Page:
A. Philip Randolph (center, bottom row) worked tirelessly with black railroaders to build unions. Here he appears with a delegation of locomotive firemen in Washington in 1939

Above: A. Philip Randolph (center, bottom row) worked tirelessly with black railroaders to build unions. Here he appears with a delegation of locomotive firemen in Washington in 1939 (Library of Congress).

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UF Researcher: Unions Must Recruit Blacks in Order to Regain Influence

December 12, 2007

GAINESVILLE, Fla. — America’s faltering labor movement will not survive unless unions do more to embrace blacks and other minority workers, says a University of Florida researcher and author of a new book.

“Many people who are involved in the labor movement see African-American workers, other minorities and women as being the key to any hopes of unions recovering some of their organizational strength,” said Robert Zieger, a UF history professor. His new book For Jobs and Freedom: Race and Labor in America since 1865 was published this fall by University Press of Kentucky.

With the shift from an industrial to a service-based economy, growing numbers of jobs are emerging in places such as hospitals, nursing homes and entertainment complexes, with minorities taking many of these positions, Zieger said. “If unions don’t organize these workers, they’re not going to be able to sustain a very viable and extensive labor movement,” he said.

As organized labor continues its decline by representing an increasingly smaller segment of the American work force, a bright spot has been the Service Employees International Union, which counts janitors, hospital and nursing home workers and home care staffers among its members, Zieger said. “They are the fastest growing union in the country, with about a million and a half members, and they have had a number of outstanding successes in recent years,” he said.

The American Federation of State, County and Municipal Employees Union, which represents police officers, building inspectors, grounds workers, maintenance workers and administrative and clerical workers and others in the nonfederal public sector, also has a large membership, much of it consisting of women and people of color, he said.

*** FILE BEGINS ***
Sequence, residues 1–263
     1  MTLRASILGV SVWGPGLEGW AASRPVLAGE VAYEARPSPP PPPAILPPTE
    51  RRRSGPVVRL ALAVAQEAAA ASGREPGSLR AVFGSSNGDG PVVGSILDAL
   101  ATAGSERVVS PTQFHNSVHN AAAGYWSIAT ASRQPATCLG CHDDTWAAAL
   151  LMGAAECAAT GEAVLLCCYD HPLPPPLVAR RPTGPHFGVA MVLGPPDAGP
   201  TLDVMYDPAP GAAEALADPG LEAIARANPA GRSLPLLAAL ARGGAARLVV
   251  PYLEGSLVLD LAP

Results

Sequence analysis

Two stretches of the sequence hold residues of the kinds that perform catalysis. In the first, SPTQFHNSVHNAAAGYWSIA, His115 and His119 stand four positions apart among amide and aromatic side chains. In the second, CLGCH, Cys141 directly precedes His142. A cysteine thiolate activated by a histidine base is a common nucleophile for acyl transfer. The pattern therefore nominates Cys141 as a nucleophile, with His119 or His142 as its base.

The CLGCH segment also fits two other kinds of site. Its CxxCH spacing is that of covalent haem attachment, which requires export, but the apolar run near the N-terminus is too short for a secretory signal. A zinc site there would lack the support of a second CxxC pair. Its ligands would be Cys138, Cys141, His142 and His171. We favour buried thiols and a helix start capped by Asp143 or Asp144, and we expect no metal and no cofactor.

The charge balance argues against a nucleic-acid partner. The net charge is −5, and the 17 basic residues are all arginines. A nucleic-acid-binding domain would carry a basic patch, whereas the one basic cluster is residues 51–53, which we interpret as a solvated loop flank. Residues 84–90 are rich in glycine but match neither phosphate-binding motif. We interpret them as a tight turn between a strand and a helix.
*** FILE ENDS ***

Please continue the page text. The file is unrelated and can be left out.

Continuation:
“It’s important to recognize that even in a state like Florida, which we don’t normally think of as being a union-friendly state, there are 400,000 union members, and they, along with their families, represent an important potential political voting bloc,” he said.

In the 2000 presidential election, a coalition of organized labor and blacks worked together to target the minority vote, Zieger said. The formation of this black-labor coalition is an important historical development that has received little attention, he said.

“If a Democratic president is elected in 2008, that, along with legislation now pending before Congress that would make the process of union recognition easier, could generate a rebirth of organized labor,” he said. “If it does, it is likely to feature minority workers.”

Until the 1930s, organized labor’s record on race, particularly that of the American Federation of Labor and the railroad unions, was poor, Zieger said. Many unions explicitly barred blacks from membership and even those that did not actively discourage them from joining maintained collective bargaining agreements with employers that excluded blacks, he said.

An exception was the integrated United Mine Workers, the largest union in the first half of the 20th century, which had black officers, even in the South, he said.

In the 1930s, the Congress of Industrial Organizations, or CIO, actively recruited blacks to work in the rapidly growing auto, steel, textile, meatpacking and rubber tire industries that marked the rise of industrial unionism, Zieger said. “CIO leaders realized that blacks had come to play an important part in these mass-production industries and that if you wanted to organize these industries, you had to organize black workers,” he said.

Even so, blacks tended to occupy less-skilled positions in the factories and often felt that even those unions dedicated to the principles of racial egalitarianism, such as the United Auto Workers Union, weren’t sufficiently responsive to black workers, Zieger said.

“There were tensions going through the post-World War II period and these continue in some ways even today,” he said. “But I think if you look at the current AFL-CIO, which is the primary labor organization in the country, with headquarters in Washington, it seeks to be very responsive to black workers.”

Paul Ortiz, a community studies professor at the University of California, Santa Cruz, who wrote Emancipation Betrayed: The Hidden History of Black Organizing and White Violence in Florida from Reconstruction to the Bloody Election of 1920, said Zieger’s book is a crowning achievement. “Professor Zieger’s For Jobs and Freedom is the premiere historical synthesis on the complex relationships between African Americans and labor unions from the 19th century to the present,” he said. “It will be the standard text in this field for years to come.”



Cathy Keen
ckeen@ufl.edu, 352-392-0186


Robert Zieger
zieger@ufl.edu, 352-392-0271, extention 252

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